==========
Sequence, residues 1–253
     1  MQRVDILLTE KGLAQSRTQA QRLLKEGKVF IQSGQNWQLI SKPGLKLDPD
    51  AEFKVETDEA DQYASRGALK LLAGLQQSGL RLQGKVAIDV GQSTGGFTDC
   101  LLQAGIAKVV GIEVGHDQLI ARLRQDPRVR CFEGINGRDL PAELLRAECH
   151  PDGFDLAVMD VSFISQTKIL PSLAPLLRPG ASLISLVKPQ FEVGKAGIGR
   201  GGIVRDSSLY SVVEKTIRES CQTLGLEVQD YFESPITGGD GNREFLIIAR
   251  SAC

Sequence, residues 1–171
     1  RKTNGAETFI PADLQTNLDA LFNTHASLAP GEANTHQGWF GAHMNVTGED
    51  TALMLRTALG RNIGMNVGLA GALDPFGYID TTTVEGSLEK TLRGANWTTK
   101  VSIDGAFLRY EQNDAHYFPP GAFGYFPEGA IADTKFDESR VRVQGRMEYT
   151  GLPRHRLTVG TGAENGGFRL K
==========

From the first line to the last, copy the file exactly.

Sequence, residues 1–253
     1  MQRVDILLTE KGLAQSRTQA QRLLKEGKVF IQSGQNWQLI SKPGLKLDPD
    51  AEFKVETDEA DQYASRGALK LLAGLQQSGL RLQGKVAIDV GQSTGGFTDC
   101  LLQAGIAKVV GIEVGHDQLI ARLRQDPRVR CFEGINGRDL PAELLRAECH
   151  PDGFDLAVMD VSFISQTKIL PSLAPLLRPG ASLISLVKPQ FEVGKAGIGR
   201  GGIVRDSSLY SVVEKTIRES CQTLGLEVQD YFESPITGGD GNREFLIIAR
   251  SAC

Sequence, residues 1–171
     1  RKTNGAETFI PADLQTNLDA LFNTHASLAP GEANTHQGWF GAHMNVTGED
    51  TALMLRTALG RNIGMNVGLA GALDPFGYID TTTVEGSLEK TLRGANWTTK
   101  VSIDGAFLRY EQNDAHYFPP GAFGYFPEGA IADTKFDESR VRVQGRMEYT
   151  GLPRHRLTVG TGAENGGFRL K